Intelligence Unit Special Reports Special Events Subscribe Sponsored Departments Follow Us

Twitter Facebook LinkedIn RSS

Google Glass Passes IRB Muster, Assists in Cardiothoracic Surgeries



Surgeons are justifiably excited by the possibilities of using Google Glass in the operating room. Despite Wi-Fi hurdles, privacy concerns, and speech recognition issues, this device will inevitably become another indispensable tool in healthcare.

7 comments on "Google Glass Passes IRB Muster, Assists in Cardiothoracic Surgeries"
Frank Poggio (12/3/2013 at 8:40 PM)

Mr. Kottners comment is interesting, but seems to relate to a teaching situation. Seems to me unless GG is less expensive than a video cam with Inet transmission, where's the real savings? I am sure it's cool to wear a camera on your head...but the ROI?
NHtraumadoc (12/3/2013 at 3:15 PM)

The solution you use of scrubbing patient ID off of images that are being used real-time for patient care is a dangerous one. We must always know that we are looking at the correct patient's data when we use it for patient care. It would be impossible to know whose xray is being displayed if it is anonymous. That should be a concern of the IRB if it hasn't been addressed.
Christian Assad Kottner (12/2/2013 at 5:53 PM)

I was recently involved in a procedure in which we were transmitting a PFO closure with an amplatzer device with Google glass. The telementor was an expert in the subject and he gave us priceless adgice. In addition this was the first time the procedure was being performed in the university. His advice proved to be extremely useful
James Michael (12/2/2013 at 5:37 PM)

It is not only surgeons. Interventional Cardiologists are now the first to show a real proof of concept.http://www.forbes.com/sites/johnnosta/2013/11/27/visionary-google-glass-moves-from-concept-to-clinical-care/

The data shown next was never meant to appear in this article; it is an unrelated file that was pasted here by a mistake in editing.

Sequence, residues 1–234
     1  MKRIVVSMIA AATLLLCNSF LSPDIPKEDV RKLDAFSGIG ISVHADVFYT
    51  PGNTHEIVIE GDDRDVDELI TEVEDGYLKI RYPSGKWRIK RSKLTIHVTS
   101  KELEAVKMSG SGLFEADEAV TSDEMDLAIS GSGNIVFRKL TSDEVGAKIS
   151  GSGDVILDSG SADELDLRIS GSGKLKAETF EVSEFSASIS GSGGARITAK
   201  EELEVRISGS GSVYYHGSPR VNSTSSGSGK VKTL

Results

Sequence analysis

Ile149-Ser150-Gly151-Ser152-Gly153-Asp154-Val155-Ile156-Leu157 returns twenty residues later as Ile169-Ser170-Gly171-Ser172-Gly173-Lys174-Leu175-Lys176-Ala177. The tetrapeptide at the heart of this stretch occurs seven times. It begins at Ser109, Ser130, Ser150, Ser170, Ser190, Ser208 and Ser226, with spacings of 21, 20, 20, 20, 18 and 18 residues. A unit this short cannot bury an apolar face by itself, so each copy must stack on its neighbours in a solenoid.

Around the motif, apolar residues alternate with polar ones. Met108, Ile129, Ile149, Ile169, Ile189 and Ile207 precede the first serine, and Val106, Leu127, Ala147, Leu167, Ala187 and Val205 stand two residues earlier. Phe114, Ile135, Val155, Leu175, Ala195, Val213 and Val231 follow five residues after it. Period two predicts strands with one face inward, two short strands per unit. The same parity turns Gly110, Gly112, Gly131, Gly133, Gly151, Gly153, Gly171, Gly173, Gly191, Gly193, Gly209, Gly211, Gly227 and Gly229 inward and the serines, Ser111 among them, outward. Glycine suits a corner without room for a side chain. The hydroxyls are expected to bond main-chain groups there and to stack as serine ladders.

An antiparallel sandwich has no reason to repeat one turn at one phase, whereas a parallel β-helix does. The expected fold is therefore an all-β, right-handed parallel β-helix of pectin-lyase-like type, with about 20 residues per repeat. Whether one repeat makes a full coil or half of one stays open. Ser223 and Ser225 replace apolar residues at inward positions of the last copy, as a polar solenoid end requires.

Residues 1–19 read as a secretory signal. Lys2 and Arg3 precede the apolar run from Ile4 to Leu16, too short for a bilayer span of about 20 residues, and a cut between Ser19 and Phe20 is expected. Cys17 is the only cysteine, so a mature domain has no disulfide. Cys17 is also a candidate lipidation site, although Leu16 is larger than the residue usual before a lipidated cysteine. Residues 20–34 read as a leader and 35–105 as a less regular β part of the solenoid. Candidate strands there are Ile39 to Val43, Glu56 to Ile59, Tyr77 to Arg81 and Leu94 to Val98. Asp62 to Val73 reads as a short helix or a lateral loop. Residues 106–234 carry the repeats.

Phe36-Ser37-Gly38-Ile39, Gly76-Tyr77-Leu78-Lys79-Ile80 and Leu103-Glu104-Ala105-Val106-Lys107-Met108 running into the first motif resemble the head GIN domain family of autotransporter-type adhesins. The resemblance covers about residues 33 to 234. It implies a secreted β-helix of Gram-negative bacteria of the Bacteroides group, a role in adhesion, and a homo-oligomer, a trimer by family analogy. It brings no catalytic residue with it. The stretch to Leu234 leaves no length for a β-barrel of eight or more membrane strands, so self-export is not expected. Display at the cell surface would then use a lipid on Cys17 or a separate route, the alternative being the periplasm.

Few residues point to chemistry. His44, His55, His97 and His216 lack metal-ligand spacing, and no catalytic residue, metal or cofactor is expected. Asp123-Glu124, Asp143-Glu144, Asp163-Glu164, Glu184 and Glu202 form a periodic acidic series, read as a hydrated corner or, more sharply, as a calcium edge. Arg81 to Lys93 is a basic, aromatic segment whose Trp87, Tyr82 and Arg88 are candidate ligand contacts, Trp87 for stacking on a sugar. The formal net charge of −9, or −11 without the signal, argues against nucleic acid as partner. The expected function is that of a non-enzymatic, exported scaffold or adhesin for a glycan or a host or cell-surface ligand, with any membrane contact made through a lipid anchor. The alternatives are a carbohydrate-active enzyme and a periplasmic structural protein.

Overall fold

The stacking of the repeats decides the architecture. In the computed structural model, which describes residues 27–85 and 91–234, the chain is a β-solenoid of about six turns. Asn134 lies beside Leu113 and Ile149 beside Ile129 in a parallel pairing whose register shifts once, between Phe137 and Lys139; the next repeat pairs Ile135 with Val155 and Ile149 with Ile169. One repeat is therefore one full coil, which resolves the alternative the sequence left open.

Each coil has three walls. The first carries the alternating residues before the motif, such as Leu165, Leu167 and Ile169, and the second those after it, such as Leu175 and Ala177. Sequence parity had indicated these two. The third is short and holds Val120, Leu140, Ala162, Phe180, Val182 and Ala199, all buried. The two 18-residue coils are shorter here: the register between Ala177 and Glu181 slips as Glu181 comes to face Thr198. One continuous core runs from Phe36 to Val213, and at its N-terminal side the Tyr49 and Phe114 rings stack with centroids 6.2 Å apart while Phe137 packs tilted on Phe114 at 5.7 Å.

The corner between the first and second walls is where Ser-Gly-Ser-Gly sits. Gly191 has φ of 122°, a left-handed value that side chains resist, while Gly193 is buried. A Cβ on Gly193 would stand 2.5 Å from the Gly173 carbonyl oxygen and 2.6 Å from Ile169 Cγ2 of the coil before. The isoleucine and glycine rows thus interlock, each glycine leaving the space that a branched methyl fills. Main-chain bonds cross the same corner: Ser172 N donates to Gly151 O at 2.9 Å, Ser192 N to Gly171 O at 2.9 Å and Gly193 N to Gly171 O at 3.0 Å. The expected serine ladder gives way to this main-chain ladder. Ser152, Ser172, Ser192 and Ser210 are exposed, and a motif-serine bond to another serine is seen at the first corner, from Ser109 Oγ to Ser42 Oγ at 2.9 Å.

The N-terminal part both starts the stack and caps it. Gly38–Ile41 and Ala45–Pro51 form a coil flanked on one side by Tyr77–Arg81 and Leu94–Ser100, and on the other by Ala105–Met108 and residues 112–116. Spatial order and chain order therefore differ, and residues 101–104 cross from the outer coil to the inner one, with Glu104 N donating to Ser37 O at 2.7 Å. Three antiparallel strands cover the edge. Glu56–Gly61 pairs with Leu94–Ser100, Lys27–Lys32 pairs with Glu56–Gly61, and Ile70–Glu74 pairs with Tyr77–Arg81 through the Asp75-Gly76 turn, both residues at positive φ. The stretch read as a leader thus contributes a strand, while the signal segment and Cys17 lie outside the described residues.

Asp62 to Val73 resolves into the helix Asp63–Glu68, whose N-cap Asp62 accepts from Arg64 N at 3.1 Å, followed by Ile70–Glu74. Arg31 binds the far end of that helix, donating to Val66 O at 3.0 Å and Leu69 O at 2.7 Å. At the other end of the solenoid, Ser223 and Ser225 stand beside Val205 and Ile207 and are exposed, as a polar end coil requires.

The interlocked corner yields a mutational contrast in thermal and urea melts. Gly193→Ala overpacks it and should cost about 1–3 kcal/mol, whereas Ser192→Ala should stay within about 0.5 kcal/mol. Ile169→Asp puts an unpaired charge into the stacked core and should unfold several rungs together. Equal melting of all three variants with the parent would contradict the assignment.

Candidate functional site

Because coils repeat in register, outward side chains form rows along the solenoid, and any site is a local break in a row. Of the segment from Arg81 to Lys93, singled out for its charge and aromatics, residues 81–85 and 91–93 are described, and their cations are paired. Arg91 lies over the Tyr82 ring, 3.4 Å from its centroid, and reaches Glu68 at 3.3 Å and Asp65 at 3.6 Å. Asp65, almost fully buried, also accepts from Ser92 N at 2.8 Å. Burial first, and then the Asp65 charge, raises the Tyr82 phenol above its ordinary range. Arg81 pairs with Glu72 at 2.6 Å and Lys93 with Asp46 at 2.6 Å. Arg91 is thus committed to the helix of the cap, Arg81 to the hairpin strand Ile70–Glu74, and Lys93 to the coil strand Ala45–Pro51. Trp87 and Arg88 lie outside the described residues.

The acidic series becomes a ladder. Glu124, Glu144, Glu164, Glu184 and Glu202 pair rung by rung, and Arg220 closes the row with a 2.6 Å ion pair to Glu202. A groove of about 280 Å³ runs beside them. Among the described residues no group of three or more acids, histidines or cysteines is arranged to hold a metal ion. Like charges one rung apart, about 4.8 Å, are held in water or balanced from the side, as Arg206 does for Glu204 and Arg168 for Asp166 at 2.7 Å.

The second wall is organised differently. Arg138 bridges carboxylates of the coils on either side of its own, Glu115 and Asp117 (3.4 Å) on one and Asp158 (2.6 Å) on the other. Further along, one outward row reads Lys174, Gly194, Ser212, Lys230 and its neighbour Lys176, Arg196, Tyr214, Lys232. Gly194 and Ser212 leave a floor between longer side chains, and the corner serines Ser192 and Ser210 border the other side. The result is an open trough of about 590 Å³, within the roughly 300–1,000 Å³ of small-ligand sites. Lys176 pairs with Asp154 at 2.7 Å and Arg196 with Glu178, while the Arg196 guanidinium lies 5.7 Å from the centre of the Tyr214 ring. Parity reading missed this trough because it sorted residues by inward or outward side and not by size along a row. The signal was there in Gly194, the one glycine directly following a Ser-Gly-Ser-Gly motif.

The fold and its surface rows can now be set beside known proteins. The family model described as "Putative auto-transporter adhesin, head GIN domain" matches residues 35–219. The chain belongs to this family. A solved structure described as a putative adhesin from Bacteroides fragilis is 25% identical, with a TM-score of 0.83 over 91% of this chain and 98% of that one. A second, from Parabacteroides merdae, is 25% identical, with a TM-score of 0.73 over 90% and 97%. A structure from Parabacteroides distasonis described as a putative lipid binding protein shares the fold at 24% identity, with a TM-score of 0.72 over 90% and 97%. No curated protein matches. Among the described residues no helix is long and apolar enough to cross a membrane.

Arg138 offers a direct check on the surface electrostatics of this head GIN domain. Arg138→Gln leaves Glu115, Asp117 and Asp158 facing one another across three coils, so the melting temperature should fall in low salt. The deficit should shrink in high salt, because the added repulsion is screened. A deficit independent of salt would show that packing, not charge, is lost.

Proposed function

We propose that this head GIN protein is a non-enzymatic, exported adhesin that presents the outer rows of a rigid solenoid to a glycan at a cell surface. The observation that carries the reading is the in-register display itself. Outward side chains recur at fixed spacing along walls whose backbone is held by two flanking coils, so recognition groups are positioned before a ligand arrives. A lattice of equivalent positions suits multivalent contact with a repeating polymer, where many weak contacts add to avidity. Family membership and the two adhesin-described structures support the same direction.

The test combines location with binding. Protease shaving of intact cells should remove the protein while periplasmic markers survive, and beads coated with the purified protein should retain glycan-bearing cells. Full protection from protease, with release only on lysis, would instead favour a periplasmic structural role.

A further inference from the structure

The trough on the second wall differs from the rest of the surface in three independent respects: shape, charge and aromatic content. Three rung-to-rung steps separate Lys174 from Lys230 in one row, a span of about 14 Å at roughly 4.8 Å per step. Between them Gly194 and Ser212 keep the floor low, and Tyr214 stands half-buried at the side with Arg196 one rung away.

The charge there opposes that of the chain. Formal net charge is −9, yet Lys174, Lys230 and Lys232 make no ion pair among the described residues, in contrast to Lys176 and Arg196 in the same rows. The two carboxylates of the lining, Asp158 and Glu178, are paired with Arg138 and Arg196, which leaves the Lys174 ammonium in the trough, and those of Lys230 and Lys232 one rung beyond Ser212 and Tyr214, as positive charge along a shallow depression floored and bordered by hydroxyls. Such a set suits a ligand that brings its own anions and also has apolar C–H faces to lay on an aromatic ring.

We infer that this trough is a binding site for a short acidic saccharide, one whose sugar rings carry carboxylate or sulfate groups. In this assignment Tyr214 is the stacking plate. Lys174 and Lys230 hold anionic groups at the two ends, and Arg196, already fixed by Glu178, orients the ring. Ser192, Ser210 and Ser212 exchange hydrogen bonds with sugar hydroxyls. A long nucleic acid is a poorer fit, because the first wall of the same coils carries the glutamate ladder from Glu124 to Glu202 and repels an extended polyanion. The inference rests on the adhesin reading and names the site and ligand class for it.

scottmace (11/27/2013 at 12:31 PM)

Frank, after the 15 surgeries are completed, UCSF will write up its findings and submit them to a peer-reviewed journal. They know benefits have to be clearly sought and found. But as I point out early on, there's definitely a marketing factor at work too.
Denise Silber (11/26/2013 at 5:43 PM)

Great article about Google Glass. We'll be covering the subject in Paris in June, 2014 at Doctors 2.0 & You. Given how fast the subject is moving, I'm wondering if other contributors have any thoughts of how we should plan to treat it. We'll be bringing in at least two Google Explorers, one Dutch surgeon and one US nurse and the audience will include patients, industry, government, insurors.
Frank Poggio (11/26/2013 at 4:44 PM)

In all these stories I have read about Google Glass, including this one, I have yet to hear how GG will either save money, increase revenues, or improve patient care. Now I am not a physician but in my career in healthcare I have spent some time in ORs and still can't see the real benefit here. In a teaching situation I can see how it could be helpful to the interns/med students, but that's a not a cost saving. I am afraid we are all getting spun up in the Google hype. Does anyone have any real world examples of real benefit?? As a former hospital CFO I'd love to hear them.